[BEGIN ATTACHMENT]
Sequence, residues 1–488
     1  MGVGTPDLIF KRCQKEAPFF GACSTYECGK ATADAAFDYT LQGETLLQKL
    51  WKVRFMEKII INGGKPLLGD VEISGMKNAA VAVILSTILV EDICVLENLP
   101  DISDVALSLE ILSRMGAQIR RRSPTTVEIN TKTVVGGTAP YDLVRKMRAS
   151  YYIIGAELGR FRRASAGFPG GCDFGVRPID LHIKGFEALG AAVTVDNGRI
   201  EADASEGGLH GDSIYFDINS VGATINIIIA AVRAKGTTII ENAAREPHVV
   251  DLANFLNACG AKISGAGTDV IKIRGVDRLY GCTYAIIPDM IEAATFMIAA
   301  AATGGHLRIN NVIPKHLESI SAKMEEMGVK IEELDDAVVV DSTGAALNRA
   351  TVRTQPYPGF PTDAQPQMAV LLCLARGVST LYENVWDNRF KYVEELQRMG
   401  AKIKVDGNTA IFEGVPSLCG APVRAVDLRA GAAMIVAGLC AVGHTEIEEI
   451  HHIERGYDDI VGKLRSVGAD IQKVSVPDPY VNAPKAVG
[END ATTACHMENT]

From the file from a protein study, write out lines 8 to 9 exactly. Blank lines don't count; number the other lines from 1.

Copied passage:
   301  AATGGHLRIN NVIPKHLESI SAKMEEMGVK IEELDDAVVV DSTGAALNRA
   351  TVRTQPYPGF PTDAQPQMAV LLCLARGVST LYENVWDNRF KYVEELQRMG